Predictive factors associated with a decline in swallowing function after 2 years were examined in 3409 Japanese older people aged ≥ 75 years who had undergone a dental checkup in Gifu Prefecture, Japan. Participants with normal swallowing function in a baseline survey in April 2018 were followed for 2 years. Swallowing function was assessed using a repetitive saliva swallowing test. In our study, 429 participants (13%) who were swallowing less than three times in 30 s based on a repetitive saliva swallowing test after 2 years were diagnosed as those with decline in swallowing function. Multivariate logistic regression analyses showed the decline in swallowing function after 2 years was associated with the male gender (odds ratio [ORs]: 0.772; 95% confidence interval [CIs]: 0.615–0.969), age ≥ 81 years (presence; ORs: 1.523; 95% CIs: 1.224–1.895), support/care-need certification (presence; ORs: 1.815; 95% CIs: 1.361–2.394), periodontal pocket depth (PPD) ≥ 4 mm (presence; ORs: 1.469; 95% CIs: 1.163–1.856), difficulty in biting hard food (yes; ORs: 1.439; 95% CIs: 1.145–1.808), choking on tea and water (yes; ORs: 2.543; 95% CIs: 2.025–3.193), and dry mouth (yes; ORs: 1.316; 95% CIs: 1.052–1.646) at baseline. Therefore, the dental checkup items associated with a decline in swallowing function after 2 years were a PPD ≥ 4 mm, difficulty in biting hard food, choking on tea and water, and dry mouth. PPD status and confirming to the self-administered questionnaire about biting, choking, and dry mouth may be useful in predicting future decline in swallowing function. Full article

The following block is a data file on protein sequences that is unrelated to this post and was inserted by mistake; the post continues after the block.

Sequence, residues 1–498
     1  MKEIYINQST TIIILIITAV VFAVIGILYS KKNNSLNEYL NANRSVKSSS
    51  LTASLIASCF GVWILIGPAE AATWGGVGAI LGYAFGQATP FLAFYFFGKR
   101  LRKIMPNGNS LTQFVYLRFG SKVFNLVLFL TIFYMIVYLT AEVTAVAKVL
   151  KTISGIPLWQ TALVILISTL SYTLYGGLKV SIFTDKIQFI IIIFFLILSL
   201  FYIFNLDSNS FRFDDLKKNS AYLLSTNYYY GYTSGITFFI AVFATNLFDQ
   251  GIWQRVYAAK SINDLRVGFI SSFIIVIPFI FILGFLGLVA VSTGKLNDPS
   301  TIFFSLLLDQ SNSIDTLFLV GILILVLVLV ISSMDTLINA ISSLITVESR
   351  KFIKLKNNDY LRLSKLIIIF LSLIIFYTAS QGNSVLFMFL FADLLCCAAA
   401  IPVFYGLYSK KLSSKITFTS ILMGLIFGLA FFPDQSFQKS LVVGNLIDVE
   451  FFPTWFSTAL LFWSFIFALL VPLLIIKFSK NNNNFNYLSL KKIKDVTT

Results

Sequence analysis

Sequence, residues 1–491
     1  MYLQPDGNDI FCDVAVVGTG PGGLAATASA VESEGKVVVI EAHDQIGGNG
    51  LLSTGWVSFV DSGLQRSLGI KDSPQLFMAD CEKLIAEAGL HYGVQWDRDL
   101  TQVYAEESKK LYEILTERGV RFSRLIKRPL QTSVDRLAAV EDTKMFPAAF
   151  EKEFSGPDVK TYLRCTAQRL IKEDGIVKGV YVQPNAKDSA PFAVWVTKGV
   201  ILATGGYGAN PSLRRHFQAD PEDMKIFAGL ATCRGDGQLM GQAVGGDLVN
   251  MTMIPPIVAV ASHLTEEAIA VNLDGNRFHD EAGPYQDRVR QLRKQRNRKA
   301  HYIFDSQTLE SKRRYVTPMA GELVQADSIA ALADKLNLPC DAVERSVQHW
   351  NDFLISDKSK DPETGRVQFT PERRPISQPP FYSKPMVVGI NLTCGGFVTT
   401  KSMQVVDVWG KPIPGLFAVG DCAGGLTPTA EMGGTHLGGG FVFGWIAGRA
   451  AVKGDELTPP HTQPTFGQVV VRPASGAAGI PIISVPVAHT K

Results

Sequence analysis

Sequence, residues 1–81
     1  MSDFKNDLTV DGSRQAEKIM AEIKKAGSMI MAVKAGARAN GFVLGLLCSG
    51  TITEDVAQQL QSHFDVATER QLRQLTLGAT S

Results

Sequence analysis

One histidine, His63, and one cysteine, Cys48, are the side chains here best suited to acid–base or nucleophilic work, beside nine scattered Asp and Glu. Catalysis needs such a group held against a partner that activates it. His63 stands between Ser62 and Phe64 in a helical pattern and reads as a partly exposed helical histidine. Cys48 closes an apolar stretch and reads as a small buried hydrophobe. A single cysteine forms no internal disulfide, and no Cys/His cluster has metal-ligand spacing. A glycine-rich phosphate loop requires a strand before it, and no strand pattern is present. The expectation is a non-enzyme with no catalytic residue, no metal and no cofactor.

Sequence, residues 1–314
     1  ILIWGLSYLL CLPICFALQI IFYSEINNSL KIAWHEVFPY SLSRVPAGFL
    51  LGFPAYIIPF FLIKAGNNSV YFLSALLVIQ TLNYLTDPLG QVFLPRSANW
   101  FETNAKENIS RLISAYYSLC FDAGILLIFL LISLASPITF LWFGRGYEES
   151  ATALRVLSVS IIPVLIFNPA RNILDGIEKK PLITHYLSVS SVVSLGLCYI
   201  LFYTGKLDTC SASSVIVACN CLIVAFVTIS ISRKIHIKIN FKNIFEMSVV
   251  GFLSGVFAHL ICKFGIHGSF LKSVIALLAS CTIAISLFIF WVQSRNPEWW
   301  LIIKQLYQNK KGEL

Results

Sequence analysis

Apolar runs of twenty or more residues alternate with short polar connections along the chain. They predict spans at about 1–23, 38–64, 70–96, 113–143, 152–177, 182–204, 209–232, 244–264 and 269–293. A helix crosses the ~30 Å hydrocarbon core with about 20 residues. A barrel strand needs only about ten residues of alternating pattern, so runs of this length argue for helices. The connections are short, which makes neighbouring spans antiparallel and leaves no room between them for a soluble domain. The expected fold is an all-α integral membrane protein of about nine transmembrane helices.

(This article belongs to the Special Issue Oral Health among the Older Population)
7 pages, 523 KiB  
Article
A Narrative of Oral Care in Palliative Patients
by Siri Flagestad Kvalheim and Gunhild Vesterhus Strand
Int. J. Environ. Res. Public Health 2022, 19(10), 6306; https://doi.org/10.3390/ijerph19106306 - 23 May 2022
Cited by 4 | Viewed by 2846
Abstract
Painful oral conditions represent a significant problem for most patients with a serious disease and palliative care needs. The main causes of such conditions may be associated with the underlying disease and its treatment, but primarily with adverse side effects of drugs. Oral [...] Read more.
Painful oral conditions represent a significant problem for most patients with a serious disease and palliative care needs. The main causes of such conditions may be associated with the underlying disease and its treatment, but primarily with adverse side effects of drugs. Oral conditions can lead to worsening of the illness and reduced quality of life. The objective of this narrative is to present an overview of oral care problems of this group, including present clinical practice. The evidence base for procedures and efficient products is weak. There is therefore an obvious need for research within this field. Full article
(This article belongs to the Special Issue Oral Health among the Older Population)
Show Figures

Figure 1